Double Member County

Published in The History of Parliament: the House of Commons 1754-1790, ed. L. Namier, J. Brooke., 1964
Available from Boydell and Brewer

Background Information

Number of voters:

about 4,000


25 Apr. 1754Sir John Astley
 Richard Lyster
16 Apr. 1761Sir John Astley
 Richard Lyster
8 May 1766Charles Baldwyn vice Lyster, deceased
7 Apr. 1768Sir John Astley
 Charles Baldwyn
5 Mar. 1772Sir Watkin Williams Wynn vice Astley, deceased
13 Oct. 1774Charles Baldwyn
 Noel Hill
20 Sept. 1780Noel Hill
 Richard Hill
15 Apr. 1784Sir Richard Hill
 John Kynaston

Main Article

Since the death in 1734 of Henry, 3rd Earl of Bradford (his heir, the last Bradford of this creation, was an imbecile), there was no dominant aristocratic influence in the county, and the choice of the knights of the shire lay with the Tory country gentlemen, after 1747 on the tacit understanding that they in turn left Shrewsbury to the Whigs headed by Lord Powis. In 1762, when Powis remained with the new court, one section of his group left him. Moreover about that time a powerful Clive interest was established in the county.

When Richard Lyster was dying, in the spring of 1766, Sir Henry Bridgeman, who had gone into opposition to the Grenville Government, proposed to stand for the county; he had the support of Robert More, Thomas Whitmore, and the Foresters, but Powis meant to oppose him. Both sides approached the attorneys of Clive, absent in India. One of them, John Walsh, wrote to Clive, 29 Mar. 1766:1

When Lord Powis talked to me on the subject, I told him my hope and wish was to find the Whig interest unanimous, for unless they were so it would be in vain for them to think of carrying a Member for a county where the Tories ever had been the most powerful, and that I hoped his Lordship would endeavour to collect the general sense of the Whigs who should be put up. The mischief of this matter is that whoever is elected will be a bar to your coming in for the county at the general election should you be so inclined, for we cannot set up a locum tenens without being at the expense of the election which it’s impossible for us to think of.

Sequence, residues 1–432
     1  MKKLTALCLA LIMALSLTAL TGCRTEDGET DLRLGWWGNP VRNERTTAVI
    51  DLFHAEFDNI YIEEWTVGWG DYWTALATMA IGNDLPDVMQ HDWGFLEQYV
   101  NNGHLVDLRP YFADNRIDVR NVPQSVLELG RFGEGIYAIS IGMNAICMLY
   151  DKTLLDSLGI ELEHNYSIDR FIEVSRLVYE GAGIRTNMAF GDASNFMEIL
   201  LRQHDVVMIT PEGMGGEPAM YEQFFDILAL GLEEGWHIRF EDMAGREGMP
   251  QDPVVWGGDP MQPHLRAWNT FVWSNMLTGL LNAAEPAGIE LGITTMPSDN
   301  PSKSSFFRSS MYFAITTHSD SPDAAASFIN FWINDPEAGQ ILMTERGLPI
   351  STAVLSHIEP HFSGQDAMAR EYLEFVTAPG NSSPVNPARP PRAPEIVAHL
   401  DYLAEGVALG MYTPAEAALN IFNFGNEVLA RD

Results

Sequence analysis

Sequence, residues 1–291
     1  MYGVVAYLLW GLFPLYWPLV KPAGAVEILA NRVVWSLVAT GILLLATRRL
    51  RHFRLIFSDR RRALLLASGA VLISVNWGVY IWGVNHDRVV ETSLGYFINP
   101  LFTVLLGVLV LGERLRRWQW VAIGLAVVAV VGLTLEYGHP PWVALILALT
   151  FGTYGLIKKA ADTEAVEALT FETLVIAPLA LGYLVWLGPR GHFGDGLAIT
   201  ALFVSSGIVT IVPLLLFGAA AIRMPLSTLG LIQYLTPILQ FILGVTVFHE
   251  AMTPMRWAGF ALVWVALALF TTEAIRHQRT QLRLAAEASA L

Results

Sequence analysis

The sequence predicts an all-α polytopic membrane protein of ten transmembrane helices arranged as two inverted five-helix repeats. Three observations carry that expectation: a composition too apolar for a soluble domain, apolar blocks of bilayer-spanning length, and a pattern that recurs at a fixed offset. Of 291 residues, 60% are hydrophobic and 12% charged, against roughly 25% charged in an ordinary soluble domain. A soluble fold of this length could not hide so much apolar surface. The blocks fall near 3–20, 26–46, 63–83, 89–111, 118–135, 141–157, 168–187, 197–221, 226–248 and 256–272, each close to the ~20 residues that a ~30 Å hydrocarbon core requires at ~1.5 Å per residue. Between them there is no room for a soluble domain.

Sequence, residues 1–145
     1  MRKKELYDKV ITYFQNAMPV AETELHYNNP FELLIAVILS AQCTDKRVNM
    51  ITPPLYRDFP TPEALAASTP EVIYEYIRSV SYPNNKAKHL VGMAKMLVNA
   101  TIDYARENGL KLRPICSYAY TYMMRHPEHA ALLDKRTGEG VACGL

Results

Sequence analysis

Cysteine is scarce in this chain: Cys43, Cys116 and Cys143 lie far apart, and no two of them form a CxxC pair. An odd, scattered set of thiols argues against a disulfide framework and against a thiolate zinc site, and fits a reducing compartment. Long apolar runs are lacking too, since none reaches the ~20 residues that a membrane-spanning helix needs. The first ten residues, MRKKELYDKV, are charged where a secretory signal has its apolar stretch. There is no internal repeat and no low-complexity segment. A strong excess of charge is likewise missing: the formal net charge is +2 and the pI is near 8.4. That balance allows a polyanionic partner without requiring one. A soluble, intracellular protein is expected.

Moreover Walsh foresaw that, while he himself thought it to be Clive’s ‘orders and interest to support the Whig Party ... your father possibly will construe your orders to be to support Lord Powis and nothing more’. In the end the Clive trustees remained neutral; a few days before the election Bridgeman withdrew his candidature; and Charles Baldwyn, nominee of the Tories and Powis, was returned unopposed.

In 1768 a ‘Whig nomination’, possibly of Bridgeman, was talked about.2 In 1772 an opposition to Sir Watkin Williams Wynn was intended but abandoned.3 And apparently there was none at the next three general elections.

Author: Sir Lewis Namier


  • 1. Clive mss, India Office Lib.; Robt. More to Geo. Clive, 24 Apr. 1766, ibid.
  • 2. Walsh to Geo. Clive, 18 Mar. 1768, Mar. 1768, ibid.
  • 3. Gibbon to J. B. Holroyd, 8 Feb. 1772.